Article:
That made Co'ra'na look up from her laptop, and pause in her typing. It was Co'ra'na's turn to smile and call that, "Bullshit." She didn't laugh, but she did raise an amused eyebrow. Cory and Sharon shared a look; obviously, that little sign at the Dax'xan Institute of Scribes was still there when Cory had gone through the program.

Sharon shook her head. "I've been attracted to women only all my life. But this guy had enough meat on his bones..." Sharon leaned forward and lowered her voice conspiratorially, "and enough bone in his meat... and all Grade A Velorian?" Sharon sighed in utter satisfaction; Xara smelled honey, and tittered. "If all the Messengers were like that, I'd be a grandmother."

Xara's eyes widened. "Sharon, you didn't become... pregnant, did you?"

Sharon smiled coquettishly.

"Oh, no, no, you couldn't be, you couldn't be!" Xara roared in laughter, and was only mildly disappointed when Sharon finally shook her head. After all these years -- hell, these centuries -- Sharon still knew how to tell a story.

She went on...

When I did get strong enough to max out on every physical conditioning exam they could throw at me, I was pretty proud of myself. I had the confidence, the endurance, and I even swaggered a little. I was lean, and I was showing more curves than I'd ever shown before. I thought I was pretty as a Scribe; that Scribe would've been slack-jawed to see me now.

Then I found out how Fa'red got so big.

"This is the end of Phase One, Shara'Lynn. But, we're about to move you to Phase Two. Are you ready for it to begin all over again?"

Again? What was he talking about? Fa'red raised his arm, bent his wrist toward the deck, and pointed down.

"Oh, no," I muttered, but laughingly. He smiled, and he wasn't kidding. We went to another station in a lower orbit, even deeper in that gravity well, where the orbital speed was faster and the gravity effect greater. I was at one thousand gees, roughly -- I don't know the exact figure -- but based on the weights I could now lift, it had to be about six times that at Phase Two.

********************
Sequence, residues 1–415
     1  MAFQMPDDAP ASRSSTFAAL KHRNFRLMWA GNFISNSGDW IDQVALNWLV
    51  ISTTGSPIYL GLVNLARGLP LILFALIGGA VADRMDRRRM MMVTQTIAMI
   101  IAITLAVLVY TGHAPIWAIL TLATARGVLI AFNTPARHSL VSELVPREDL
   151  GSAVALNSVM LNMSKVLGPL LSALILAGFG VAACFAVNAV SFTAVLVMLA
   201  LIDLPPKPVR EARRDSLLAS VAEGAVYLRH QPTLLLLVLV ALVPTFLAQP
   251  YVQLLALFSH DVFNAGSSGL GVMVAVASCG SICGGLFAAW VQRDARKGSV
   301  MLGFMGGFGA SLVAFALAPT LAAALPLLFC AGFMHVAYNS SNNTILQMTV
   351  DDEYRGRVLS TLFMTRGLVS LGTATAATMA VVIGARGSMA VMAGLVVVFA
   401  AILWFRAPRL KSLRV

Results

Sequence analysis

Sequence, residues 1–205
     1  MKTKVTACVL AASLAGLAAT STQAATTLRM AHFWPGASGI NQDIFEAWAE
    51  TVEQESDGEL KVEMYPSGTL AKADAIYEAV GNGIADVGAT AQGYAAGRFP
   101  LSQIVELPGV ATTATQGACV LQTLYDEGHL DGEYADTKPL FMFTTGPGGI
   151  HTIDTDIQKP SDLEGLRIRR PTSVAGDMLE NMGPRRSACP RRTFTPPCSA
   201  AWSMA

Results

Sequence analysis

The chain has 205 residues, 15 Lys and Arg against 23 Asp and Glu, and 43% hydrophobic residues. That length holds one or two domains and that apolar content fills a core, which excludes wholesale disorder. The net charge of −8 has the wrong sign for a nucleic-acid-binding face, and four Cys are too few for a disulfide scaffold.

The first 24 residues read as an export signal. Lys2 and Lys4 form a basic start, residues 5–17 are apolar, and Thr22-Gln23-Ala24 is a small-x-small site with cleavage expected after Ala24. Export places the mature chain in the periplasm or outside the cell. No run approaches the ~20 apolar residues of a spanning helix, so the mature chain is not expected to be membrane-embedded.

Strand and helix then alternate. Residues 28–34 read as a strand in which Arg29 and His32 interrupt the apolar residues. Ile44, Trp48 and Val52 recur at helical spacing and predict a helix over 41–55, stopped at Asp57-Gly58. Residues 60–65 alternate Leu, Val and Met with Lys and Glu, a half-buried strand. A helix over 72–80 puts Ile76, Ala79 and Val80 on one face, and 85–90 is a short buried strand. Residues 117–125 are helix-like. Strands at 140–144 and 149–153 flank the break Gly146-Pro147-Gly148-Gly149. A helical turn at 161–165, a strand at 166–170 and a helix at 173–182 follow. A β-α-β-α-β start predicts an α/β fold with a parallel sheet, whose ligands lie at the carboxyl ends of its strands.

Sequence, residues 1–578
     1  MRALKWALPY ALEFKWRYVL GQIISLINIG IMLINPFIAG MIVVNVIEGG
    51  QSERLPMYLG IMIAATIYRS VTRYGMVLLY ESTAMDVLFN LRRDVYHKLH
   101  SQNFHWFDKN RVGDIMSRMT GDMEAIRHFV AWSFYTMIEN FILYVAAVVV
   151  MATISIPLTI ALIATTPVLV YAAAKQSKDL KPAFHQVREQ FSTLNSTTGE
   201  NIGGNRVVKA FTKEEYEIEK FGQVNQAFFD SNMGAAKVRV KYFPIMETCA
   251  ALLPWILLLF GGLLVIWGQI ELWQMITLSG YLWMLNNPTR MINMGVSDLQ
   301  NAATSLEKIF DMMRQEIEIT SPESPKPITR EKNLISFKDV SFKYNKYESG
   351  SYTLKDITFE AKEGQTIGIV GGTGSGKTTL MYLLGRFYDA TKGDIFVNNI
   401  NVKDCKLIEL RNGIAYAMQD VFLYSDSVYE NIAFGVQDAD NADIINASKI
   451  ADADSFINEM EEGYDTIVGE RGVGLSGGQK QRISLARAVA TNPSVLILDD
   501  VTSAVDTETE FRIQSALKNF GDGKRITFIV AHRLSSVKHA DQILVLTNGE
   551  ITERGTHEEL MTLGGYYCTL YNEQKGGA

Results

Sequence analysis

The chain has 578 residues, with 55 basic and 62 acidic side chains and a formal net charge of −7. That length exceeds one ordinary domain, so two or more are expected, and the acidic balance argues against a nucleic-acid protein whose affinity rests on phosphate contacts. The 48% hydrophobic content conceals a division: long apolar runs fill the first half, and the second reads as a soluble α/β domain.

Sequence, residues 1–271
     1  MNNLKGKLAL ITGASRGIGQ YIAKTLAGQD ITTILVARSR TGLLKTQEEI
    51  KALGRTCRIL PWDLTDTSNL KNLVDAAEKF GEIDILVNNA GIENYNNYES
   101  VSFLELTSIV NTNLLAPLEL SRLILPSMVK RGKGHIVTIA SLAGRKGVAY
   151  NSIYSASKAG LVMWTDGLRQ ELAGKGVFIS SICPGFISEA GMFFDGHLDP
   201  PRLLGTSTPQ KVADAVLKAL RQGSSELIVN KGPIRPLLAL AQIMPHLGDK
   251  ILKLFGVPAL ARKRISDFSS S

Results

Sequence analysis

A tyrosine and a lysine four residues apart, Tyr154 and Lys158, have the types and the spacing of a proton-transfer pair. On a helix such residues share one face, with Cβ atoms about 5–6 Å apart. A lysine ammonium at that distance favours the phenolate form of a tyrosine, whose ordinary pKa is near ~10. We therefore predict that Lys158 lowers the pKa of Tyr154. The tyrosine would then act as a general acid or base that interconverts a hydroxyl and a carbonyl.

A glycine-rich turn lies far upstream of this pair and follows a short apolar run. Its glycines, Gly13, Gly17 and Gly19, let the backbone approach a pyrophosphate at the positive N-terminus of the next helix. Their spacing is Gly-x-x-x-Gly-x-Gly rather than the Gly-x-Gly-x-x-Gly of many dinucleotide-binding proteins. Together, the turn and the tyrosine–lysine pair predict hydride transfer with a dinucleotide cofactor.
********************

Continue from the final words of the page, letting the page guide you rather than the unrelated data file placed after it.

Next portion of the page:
After that, it was just more of the same -- more conditioning, more training. Not long after I maxed out the physical exams again -- about a year after I'd started at the Ne'Trona -- they formally promoted me. Not to Protector, as I'd expected, but to Virago. "You don't know how tough you've gotten, do you? Not just in strength, but in endurance, education, tolerance, leadership. You've put yourself through a training program that you couldn't conceive when you started it. Now you're almost ready to be a real officer of the Velorian Enlightenment. You just have to finish Phase Three."

"You've got to be kidding," I said. "Down even further?"

He shook his head, still smiling. "No, the physical training is done. Now, we polish your mental training. You wanted my job when you started the program. Now you've got it, for as long as you want it. Use some of those black-belt skills on our initiates... but not too much, okay? We want to break them down, but not break them apart. We want new recruits to learn, in as hard a manner as they can handle. We want them to grow, but not to run away."